Gov. Mary Fallin did more than tell state workers and others Wednesday to develop healthy habits. She led them on a walk around the state Capitol complex.
It's the second year Fallin has led the Governor's Walk for Wellness. About 225 people, mostly state workers, but also agency heads, members of Fallin's Cabinet and some workers from the private sector took part in the walk around the north lawn of the state Capitol.
“We can make a difference in our personal health,” Fallin, wearing an Oklahoma City Thunder T-shirt, told the crowd. “We can make a difference in the state's health.”
Oklahoma made baby steps last year in improving its health rankings by the United Health Foundation: Oklahoma moved up to 43 from 46. Its rankings showed 31.2 percent adults in Oklahoma are physically inactive compared with 26.2 percent nationally; 26.1 percent of Oklahomans smoke compared with 21.2 percent nationally and 31.1 percent of Oklahomans are obese compared with 27.8 percent nationally.
“I want to encourage all of you to remain committed to healthier living: Watch what you eat, exercise — walking is always good, run if you can,” she told her walking companions. “Make that commitment not just today, but make a commitment every day to think about your health and your wellness.”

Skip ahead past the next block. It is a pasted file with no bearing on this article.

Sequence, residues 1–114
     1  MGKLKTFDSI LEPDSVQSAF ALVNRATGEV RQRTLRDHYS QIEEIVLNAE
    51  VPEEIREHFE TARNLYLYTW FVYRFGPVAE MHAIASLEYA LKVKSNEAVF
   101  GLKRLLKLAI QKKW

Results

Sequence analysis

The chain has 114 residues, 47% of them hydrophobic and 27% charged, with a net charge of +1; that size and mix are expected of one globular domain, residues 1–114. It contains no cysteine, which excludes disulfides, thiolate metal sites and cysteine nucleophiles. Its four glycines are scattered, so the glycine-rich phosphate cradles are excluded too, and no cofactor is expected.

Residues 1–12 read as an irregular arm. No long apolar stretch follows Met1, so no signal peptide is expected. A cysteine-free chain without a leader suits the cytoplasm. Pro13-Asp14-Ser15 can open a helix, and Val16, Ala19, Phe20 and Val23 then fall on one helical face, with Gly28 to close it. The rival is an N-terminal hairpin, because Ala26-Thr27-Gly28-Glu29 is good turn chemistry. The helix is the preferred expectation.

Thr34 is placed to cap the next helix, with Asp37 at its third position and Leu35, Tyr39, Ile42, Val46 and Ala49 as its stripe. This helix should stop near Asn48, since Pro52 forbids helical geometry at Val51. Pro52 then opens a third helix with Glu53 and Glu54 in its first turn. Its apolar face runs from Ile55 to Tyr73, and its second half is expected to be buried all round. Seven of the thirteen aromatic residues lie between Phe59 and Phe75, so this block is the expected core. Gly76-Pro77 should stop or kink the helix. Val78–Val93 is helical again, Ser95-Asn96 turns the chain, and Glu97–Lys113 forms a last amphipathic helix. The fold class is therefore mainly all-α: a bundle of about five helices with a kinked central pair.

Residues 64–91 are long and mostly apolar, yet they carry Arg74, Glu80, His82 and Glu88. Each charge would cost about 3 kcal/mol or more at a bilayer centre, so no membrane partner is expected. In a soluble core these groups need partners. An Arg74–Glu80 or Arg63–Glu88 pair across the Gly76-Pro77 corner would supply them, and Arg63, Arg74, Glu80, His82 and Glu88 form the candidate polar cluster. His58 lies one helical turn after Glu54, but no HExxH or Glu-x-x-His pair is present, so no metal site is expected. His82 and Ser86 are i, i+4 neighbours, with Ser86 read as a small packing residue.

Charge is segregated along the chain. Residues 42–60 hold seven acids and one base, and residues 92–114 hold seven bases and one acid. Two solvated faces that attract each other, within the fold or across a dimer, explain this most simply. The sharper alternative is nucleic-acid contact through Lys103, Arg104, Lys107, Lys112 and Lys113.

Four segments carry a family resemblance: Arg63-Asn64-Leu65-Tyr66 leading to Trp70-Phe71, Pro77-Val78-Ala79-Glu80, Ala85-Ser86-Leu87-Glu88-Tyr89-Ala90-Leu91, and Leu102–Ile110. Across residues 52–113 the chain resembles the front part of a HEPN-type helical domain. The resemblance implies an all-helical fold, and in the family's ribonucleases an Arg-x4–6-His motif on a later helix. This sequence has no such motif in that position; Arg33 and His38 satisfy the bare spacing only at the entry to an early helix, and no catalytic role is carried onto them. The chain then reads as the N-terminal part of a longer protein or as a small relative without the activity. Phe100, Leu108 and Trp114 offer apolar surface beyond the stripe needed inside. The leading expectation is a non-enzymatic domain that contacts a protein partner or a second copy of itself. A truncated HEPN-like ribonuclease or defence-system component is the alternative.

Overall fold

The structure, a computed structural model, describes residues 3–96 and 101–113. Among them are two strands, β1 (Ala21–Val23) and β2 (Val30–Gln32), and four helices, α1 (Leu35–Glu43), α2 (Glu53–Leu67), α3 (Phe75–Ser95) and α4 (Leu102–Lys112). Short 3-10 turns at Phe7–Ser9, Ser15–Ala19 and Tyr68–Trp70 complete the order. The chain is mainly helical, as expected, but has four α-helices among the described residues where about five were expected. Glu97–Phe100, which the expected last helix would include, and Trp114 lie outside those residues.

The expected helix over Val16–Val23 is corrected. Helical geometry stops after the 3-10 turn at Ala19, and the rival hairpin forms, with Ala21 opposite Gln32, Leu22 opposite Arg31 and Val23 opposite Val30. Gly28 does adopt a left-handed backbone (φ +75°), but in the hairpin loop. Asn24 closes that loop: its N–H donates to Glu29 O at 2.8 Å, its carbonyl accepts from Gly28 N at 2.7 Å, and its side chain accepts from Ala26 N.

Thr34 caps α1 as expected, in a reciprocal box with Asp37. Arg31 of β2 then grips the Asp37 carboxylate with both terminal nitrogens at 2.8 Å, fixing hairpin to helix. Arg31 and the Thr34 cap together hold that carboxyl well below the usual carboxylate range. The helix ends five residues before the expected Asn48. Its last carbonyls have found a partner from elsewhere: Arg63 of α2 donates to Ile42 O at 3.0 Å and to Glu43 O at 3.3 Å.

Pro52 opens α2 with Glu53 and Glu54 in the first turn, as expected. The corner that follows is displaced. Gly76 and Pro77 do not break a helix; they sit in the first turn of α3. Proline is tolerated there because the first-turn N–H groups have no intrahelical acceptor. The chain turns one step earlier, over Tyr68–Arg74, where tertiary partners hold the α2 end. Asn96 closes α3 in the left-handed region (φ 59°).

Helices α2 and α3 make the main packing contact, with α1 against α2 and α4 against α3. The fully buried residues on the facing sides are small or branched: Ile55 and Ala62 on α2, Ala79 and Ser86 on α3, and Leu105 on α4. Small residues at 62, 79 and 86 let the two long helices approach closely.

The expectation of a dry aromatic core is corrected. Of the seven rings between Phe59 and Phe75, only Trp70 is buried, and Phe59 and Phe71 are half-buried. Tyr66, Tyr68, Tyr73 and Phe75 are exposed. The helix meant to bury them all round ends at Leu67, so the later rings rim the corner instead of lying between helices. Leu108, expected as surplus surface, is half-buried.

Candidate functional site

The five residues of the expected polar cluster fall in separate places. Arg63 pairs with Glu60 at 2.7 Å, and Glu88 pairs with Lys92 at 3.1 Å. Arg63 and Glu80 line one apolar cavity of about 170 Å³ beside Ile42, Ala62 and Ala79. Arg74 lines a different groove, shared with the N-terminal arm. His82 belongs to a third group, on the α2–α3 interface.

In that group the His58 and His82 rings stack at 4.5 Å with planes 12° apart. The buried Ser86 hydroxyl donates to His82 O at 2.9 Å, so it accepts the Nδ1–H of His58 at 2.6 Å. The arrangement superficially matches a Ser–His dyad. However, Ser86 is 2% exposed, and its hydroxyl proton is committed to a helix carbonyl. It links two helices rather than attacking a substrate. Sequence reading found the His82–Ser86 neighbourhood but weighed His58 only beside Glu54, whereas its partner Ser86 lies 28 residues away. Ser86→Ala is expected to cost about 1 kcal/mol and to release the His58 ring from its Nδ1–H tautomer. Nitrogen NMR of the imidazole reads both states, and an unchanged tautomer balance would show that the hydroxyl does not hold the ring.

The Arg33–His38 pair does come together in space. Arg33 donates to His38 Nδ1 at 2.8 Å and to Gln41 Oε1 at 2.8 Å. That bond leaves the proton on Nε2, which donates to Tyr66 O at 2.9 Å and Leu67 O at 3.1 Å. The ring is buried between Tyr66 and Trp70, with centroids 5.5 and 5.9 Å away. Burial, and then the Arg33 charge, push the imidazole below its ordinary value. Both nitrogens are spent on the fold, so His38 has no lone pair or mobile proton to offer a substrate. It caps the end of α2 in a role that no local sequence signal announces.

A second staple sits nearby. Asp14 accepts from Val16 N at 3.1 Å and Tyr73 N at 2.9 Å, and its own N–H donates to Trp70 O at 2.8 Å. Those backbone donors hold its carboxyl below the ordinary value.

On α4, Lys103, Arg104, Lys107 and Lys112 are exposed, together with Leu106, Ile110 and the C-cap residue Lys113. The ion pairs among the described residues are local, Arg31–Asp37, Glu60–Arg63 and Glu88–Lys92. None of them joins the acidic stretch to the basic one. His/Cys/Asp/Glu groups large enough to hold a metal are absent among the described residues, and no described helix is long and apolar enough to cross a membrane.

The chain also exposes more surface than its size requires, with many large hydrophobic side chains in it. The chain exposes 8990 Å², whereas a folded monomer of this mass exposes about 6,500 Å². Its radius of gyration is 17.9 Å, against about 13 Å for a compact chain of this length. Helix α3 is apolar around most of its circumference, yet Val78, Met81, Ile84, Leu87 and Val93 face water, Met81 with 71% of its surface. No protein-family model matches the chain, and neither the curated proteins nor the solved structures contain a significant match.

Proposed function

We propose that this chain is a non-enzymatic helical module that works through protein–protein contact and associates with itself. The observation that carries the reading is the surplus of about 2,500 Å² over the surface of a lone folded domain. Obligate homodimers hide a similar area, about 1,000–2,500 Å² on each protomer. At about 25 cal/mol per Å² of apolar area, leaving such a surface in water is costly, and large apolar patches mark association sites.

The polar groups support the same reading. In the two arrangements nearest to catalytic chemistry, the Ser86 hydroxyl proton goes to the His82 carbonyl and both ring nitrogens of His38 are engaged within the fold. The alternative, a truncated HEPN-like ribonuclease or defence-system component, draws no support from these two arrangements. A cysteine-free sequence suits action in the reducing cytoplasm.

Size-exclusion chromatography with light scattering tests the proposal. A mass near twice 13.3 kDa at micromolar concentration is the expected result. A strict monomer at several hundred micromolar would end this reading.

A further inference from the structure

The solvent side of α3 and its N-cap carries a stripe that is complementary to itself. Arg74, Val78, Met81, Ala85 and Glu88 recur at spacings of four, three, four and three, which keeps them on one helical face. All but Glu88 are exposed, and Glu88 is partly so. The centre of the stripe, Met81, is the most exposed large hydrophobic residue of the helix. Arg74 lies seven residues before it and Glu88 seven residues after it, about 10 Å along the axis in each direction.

Several state employees said they appreciated Fallin's efforts to motivate them to live healthier.
“If your governor is setting a good example, it helps to pass that down through, especially to the state agencies,” said Michelle Thompson, who works at the Oklahoma Tax Commission. “It's a great start.”
Thompson said she and a co-worker, Crystal Raymond, use their breaks to walk. They also bring their lunch to work instead of eating fast food.
Raymond said the governor's walk encouraged state workers and others to get more involved in healthy living choices, especially those who needed some motivation.
Mickey Morgan, who works for the Department of Human Services, said the governor leading the walk was a good way to reinforce efforts by the agency to develop a wellness program.
“I've always been big into health and fitness anyways, and it's something that we've tried to do around the agency so it seemed important just to be a part of it,” he said.
Fallin encouraged state agencies and businesses to develop wellness programs, such as helping workers watch their nutrition, quit smoking and to walk or exercise before and after work or during the lunch period.
“As people get healthier, we lower our health care costs because we're healthier individuals,” Fallin said. “We also reduce employee absenteeism, which makes our workers more productive … and we decrease rates of illnesses and injuries.”